And speaking of storage, as the No. 1 storage company in the world, this year, we’re going to highlight our comprehensive storage portfolio — from fast scratch all the way to cloud storage – something other HPC vendors just don’t have. While we’re determined to keep our core strong, we’re also focused on helping our partners to be more profitable.

HPCwire: AI writ large is dramatically reshaping how we think of and use HPC. In this context how must the HPC user (academic and enterprise) community’s practice, attitudes, and skill sets change? What technologies will lead AI infusion throughout HPC and where are needed skills (and technologies) most lacking?

One of the things I love about HPC is that it is leading edge—it’s where innovation starts. Our customers have been working with AI for quite some time; yet, many are struggling with the definition of HPC. For example, some might say that financial services, Hadoop or OpenStack are not HPC. At the same time, there is this increasing diversity of applications, workloads and approaches leveraging HPC technologies and strategies. This becomes even truer when tied to the growth of multi-cloud computing for increased scale and vast edge computing resources to conduct inferencing and streaming analytics at scale.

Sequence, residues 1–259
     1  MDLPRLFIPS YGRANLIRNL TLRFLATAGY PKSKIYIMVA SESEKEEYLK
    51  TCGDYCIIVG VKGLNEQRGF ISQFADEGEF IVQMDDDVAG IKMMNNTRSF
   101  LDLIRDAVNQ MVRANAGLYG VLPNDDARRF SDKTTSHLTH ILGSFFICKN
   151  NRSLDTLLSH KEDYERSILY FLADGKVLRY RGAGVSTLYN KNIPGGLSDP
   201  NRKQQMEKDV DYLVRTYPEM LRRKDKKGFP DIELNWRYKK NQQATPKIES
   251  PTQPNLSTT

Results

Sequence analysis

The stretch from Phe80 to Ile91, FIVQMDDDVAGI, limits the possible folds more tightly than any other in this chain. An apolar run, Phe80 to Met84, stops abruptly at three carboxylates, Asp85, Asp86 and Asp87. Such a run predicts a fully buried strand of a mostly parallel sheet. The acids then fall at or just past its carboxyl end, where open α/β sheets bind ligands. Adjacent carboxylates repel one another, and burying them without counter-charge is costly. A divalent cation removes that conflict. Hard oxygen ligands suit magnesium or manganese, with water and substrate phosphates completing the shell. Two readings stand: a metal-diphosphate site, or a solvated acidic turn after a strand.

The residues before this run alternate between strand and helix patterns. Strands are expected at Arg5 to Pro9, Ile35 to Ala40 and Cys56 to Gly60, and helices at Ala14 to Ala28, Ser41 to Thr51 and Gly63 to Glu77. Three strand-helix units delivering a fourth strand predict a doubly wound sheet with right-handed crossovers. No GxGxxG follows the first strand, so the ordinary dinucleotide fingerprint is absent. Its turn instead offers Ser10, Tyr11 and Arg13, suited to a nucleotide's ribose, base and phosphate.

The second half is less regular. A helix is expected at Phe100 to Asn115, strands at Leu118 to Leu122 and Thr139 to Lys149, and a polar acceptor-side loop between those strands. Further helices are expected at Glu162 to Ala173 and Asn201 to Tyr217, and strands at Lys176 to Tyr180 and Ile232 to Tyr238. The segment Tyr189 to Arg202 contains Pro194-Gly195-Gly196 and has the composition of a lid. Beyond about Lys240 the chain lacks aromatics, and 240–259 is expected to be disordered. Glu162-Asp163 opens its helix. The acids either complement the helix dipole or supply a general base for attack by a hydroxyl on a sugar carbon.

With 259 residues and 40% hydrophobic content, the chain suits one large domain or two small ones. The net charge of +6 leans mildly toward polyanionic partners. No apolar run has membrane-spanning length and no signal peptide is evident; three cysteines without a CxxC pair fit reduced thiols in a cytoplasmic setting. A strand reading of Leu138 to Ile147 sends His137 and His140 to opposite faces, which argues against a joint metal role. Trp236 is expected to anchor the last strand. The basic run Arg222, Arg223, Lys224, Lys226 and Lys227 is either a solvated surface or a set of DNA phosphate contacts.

The big data explosion, coupled with technology advances (modeling and software, but also infrastructure), has made it possible to train AI models for a number of prediction and automation use cases, and data sets continue to grow exponentially. Of course, training with these enormous, complex data sets is computationally intensive, and that’s where HPC comes in.

Formerly the domain of specialists using expensive, proprietary supercomputers, recent advances in compute, networking and storage technologies have made HPC—and thus data analytics and AI—available using small clusters. This changes the game for more traditional HPC in academic and government institutions and life sciences firms, but it also puts AI within reach for a wider range of use cases. For example, enterprises that have been collecting data for years now can analyze historical data using AI algorithms to gain better market insights, increase efficiency, and recognize higher ROI for data‐driven investments. This turns CapEx and OpEx burdens into new revenue opportunities.